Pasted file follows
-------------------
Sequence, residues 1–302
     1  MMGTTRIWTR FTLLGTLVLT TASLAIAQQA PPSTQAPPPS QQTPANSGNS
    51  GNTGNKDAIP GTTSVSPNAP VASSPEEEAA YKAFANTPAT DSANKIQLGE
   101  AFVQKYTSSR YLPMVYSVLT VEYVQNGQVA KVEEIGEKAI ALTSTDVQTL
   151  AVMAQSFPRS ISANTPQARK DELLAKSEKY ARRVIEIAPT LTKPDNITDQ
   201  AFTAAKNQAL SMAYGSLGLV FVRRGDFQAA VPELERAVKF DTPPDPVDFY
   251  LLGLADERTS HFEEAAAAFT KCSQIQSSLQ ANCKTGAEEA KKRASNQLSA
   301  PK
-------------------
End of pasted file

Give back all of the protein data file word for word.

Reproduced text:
Sequence, residues 1–302
     1  MMGTTRIWTR FTLLGTLVLT TASLAIAQQA PPSTQAPPPS QQTPANSGNS
    51  GNTGNKDAIP GTTSVSPNAP VASSPEEEAA YKAFANTPAT DSANKIQLGE
   101  AFVQKYTSSR YLPMVYSVLT VEYVQNGQVA KVEEIGEKAI ALTSTDVQTL
   151  AVMAQSFPRS ISANTPQARK DELLAKSEKY ARRVIEIAPT LTKPDNITDQ
   201  AFTAAKNQAL SMAYGSLGLV FVRRGDFQAA VPELERAVKF DTPPDPVDFY
   251  LLGLADERTS HFEEAAAAFT KCSQIQSSLQ ANCKTGAEEA KKRASNQLSA
   301  PK